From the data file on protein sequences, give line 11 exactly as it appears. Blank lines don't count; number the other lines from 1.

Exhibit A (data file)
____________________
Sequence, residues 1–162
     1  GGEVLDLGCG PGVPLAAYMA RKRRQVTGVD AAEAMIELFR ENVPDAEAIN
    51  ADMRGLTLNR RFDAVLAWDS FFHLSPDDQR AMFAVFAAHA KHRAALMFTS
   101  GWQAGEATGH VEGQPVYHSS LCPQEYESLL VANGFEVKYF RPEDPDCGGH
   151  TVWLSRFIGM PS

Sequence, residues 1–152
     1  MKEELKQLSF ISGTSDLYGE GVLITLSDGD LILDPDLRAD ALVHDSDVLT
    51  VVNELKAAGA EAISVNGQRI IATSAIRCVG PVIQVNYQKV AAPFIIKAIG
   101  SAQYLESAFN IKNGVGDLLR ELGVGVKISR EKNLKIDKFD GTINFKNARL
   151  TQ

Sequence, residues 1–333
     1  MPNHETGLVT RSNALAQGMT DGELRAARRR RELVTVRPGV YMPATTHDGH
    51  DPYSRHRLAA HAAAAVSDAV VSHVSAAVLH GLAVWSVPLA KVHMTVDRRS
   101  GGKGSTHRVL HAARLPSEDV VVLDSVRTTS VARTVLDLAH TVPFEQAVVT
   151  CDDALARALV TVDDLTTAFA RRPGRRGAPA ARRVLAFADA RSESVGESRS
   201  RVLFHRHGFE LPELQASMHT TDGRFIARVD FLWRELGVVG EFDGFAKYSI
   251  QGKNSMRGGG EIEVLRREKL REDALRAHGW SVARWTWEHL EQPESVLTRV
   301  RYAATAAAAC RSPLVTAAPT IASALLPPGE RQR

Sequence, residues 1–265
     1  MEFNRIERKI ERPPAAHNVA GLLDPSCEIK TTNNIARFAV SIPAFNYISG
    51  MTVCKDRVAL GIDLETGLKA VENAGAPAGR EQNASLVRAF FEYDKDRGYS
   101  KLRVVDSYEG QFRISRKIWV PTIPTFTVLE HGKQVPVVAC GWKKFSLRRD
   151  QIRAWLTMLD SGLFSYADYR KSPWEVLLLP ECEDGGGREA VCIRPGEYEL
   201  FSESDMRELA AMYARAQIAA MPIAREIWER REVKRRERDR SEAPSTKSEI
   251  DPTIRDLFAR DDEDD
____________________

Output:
Sequence, residues 1–333